SUPREME COURT RULING CLARIFIES WHEN ATTORNEY CONTEMPT CHARGE PROPER
November 15, 2012
In a unanimous opinion, the Tennessee Supreme Court ruled today that a judge may not properly charge an attorney with contempt of court when the behavior neither disrupts the proceeding nor disparages the court, even if the judge believes that the attorney behaved unethically.
In 2009, Mr. James Beeler represented Mrs. Christina Thomas in a criminal trial at which her husband, Mr. James Thomas, was represented by another attorney. While the other attorney was questioning a witness, Mr. Beeler leaned over and spoke softly with Mr. Thomas. The trial judge immediately interrupted the trial and asked the other attorney whether he had given Mr. Beeler permission to speak with his client. Because the other attorney said that he had not, the judge charged Mr. Beeler with criminal contempt of court. At a hearing, both attorneys testified that they had cooperated in defending their clients and that Mr. Thomas had spoken openly with Mr. Beeler on the morning of the trial without objection from his attorney. Despite this testimony, the judge convicted Mr. Beeler of criminal contempt and recited the ethical rule that forbids an attorney from speaking with a person represented by another attorney about the subject matter of that representation without permission.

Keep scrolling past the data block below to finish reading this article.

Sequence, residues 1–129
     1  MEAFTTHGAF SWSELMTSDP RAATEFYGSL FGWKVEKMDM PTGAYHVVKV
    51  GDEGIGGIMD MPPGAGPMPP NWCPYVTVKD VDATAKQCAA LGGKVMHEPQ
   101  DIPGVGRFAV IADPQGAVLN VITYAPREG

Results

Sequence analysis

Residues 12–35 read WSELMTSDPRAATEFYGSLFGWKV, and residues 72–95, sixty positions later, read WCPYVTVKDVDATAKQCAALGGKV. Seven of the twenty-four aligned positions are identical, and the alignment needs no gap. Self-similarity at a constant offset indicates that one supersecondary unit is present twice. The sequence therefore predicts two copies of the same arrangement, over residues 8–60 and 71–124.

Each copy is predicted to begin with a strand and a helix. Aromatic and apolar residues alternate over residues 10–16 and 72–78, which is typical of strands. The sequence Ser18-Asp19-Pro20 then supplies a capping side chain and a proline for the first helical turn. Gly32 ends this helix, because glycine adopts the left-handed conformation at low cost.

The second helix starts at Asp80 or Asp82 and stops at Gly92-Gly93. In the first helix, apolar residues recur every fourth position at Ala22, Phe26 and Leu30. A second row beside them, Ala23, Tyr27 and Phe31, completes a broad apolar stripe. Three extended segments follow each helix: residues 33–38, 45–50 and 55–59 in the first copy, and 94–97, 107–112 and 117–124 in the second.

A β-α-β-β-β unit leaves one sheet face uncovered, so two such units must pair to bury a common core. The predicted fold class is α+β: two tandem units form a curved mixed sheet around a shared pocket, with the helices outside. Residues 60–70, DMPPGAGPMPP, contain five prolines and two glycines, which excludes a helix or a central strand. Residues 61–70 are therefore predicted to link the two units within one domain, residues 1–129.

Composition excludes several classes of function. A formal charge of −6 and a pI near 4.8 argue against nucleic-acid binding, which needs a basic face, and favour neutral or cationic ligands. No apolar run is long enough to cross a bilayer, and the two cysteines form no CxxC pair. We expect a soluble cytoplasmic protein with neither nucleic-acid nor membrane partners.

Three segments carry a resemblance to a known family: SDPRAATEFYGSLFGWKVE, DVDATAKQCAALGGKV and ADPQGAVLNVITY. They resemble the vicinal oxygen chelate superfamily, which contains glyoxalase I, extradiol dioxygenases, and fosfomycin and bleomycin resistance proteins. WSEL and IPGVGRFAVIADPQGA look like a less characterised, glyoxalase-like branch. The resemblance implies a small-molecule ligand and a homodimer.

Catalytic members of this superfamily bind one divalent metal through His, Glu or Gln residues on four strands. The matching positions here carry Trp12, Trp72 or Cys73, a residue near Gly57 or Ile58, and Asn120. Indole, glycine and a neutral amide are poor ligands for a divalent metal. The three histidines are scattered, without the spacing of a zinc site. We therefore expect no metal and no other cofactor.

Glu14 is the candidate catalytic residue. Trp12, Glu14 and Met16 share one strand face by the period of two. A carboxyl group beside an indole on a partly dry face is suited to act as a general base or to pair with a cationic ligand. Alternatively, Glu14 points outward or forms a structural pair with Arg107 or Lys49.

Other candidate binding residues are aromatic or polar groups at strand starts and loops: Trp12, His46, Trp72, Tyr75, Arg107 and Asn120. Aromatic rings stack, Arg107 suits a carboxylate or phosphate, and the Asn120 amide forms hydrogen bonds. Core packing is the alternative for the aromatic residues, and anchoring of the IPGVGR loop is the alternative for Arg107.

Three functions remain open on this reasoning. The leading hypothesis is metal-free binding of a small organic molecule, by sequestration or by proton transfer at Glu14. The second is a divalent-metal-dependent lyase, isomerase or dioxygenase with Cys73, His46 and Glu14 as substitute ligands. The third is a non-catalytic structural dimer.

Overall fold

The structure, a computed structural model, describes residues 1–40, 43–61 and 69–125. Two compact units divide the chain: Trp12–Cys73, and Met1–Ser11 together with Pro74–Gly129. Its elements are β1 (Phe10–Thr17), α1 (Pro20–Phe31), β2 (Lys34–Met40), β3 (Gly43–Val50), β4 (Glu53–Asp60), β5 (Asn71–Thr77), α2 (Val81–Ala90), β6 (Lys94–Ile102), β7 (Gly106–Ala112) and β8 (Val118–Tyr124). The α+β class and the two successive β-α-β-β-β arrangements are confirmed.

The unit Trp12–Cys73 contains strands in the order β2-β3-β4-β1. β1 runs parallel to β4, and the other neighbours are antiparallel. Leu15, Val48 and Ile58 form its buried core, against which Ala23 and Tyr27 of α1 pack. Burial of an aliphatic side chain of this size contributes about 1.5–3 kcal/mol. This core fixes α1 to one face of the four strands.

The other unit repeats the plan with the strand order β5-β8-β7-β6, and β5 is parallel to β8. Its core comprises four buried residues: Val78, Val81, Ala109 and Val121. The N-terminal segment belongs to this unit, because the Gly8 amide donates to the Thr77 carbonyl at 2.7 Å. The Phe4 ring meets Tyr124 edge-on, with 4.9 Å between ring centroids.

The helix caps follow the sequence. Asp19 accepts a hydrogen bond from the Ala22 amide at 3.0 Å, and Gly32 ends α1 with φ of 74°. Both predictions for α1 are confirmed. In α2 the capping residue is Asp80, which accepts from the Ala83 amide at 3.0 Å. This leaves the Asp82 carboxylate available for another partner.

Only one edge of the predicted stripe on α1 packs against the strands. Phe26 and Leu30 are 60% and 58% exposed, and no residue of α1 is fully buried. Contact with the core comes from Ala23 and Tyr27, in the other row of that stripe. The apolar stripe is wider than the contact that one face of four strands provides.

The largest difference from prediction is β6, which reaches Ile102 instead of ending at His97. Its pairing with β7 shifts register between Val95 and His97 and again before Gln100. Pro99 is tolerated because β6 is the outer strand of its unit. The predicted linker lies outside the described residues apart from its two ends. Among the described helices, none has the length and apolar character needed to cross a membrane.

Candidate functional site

The Supreme Court held that a judge may not charge an attorney for contempt of court based upon "willful misbehavior" when the behavior neither disrupts the proceeding nor disparages the court, even if the judge believes that the attorney behaved unethically. In this case, the Court found that Mr. Beeler had the implicit consent of the other attorney to speak with Mr. Thomas. His ethical conduct was not "misbehavior" for which he could be charged with criminal contempt. Accordingly, the Court reversed the Court of Criminal Appeals and vacated Mr. Beeler's conviction.